Promoting “civil rights” for blacks has now become an industry, a huckster’s dream. Barack Obama, Eric Holder, and … and … I digress — to report that I couldn’t think of the name of Obama’s black rabble-rousing friend who was involved in the Tawana Brawley scandal, has a few tax problems, and has visited the White House 72 known times in the last six years. So I entered into the Google search box: “black reverend tax cheat friend of Obama’s.” In 0.79 seconds Google found “about 7,560,000 results” and reminded me of the name of Barack Obama’s best friend, Al Sharpton.
But equal rights for blacks has expanded into equal rights for homosexuals, a cause trumpeted by The New York Times and other liberal organs. (You can hardly blame them for wanting to deflect attention from their other, often absurd, and always failed, public-policy prescriptions.)
What is remarkable, and hugely disappointing, is that there are apparently no blacks sufficiently prominent to object effectively to the hijacking of the noble civil-rights crusade in order to pander to homosexuals — who, after all, constitute only 2 percent of the population.
The “religious freedom” test of the various Religious Freedom Restoration Acts is insufficient to protect all people who choose not to associate with homosexuals, though it may serve as a beginning. How religious do you have to be to invoke it? Do you have to be a Roman Catholic? Do you have to be a good Roman Catholic? Who decides? Can you be a Protestant and invoke the exemption? What if you’re really protestant — the transcendentalist Walden Pond kind? What if you’re a Scientologist? (Or are only movie stars Scientologists?) What about — minor change of subject — discriminating against women who’ve had an abortion, of whom there are millions?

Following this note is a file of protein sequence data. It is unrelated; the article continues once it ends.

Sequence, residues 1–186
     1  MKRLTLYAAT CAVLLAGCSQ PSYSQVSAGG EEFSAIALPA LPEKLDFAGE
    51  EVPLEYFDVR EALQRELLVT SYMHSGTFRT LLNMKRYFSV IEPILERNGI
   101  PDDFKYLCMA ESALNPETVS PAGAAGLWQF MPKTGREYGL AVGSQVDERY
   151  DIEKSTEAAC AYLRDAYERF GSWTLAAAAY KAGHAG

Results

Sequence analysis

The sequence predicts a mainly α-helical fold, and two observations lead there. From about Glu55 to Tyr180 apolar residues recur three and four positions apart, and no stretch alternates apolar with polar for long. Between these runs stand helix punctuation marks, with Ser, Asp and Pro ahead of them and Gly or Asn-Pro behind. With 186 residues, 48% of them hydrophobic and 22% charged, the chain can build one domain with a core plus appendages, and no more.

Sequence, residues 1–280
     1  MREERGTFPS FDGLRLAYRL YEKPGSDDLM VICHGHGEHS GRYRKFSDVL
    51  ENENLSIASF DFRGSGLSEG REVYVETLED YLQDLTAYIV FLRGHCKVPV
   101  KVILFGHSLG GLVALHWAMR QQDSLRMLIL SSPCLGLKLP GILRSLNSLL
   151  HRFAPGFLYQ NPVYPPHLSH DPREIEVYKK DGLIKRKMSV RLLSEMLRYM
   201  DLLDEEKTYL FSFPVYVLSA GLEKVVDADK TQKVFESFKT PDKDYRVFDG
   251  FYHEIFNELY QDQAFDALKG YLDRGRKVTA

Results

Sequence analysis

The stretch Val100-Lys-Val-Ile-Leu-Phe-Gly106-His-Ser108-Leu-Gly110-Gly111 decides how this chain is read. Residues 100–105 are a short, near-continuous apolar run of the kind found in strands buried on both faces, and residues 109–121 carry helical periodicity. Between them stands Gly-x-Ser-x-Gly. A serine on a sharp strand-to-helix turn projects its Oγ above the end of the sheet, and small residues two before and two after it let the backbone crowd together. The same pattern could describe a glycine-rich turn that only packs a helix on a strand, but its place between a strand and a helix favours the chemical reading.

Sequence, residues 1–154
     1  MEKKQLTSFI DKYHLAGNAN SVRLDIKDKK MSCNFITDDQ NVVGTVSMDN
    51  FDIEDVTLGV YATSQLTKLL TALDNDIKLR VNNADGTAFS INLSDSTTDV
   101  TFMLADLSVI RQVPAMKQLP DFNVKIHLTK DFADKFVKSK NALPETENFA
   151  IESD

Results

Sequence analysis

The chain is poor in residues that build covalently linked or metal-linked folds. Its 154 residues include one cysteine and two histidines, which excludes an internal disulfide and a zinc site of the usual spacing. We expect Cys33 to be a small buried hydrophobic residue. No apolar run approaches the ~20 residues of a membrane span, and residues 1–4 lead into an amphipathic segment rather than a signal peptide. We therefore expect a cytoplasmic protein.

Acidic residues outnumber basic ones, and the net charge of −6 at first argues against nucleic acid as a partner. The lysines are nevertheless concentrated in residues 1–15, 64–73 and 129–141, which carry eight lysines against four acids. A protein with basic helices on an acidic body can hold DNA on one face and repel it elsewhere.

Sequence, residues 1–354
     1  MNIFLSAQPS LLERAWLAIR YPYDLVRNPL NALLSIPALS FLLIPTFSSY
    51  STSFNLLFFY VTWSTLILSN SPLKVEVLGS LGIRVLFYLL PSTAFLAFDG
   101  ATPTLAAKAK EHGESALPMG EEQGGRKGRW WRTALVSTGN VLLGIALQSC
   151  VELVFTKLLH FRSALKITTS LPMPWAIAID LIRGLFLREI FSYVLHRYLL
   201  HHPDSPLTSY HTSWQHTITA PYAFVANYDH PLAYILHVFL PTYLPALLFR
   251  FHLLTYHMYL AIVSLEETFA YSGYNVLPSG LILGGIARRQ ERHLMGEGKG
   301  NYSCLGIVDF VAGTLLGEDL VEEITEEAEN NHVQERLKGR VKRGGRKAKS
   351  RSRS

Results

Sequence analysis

Suppose you just have a cultural aversion to homosexuals, homosexuality, and abortion? Where did that aversion come from — except from the culture that is Western Civilization, which itself, of course, is a product of Christianity? Does osmotic absorption of Western values qualify you for the religious-freedom exemption?
Aren’t these precisely the sort of questions we do not want courts deciding?
The problem with the Religious Freedom Restoration Acts is that they focus on only the religious reasons for exercising freedom of choice (i.e., for discriminating). That permits the argument for freedom to be characterized as an effort of the crazy Republican religious right, thereby demeaning and marginalizing it. We should instead use Indiana’s burning to light the way to a far wider freedom of choice, for all Americans.
Daniel Oliver is a Chairman of the Board of Education and Research Institute and Senior Director of White House Writers Group in Washington, DC. In addition to serving as Chairman of the Federal Trade Commission under President Ronald Reagan, he was Executive Editor and subsequently Chairman of the Board of National Review.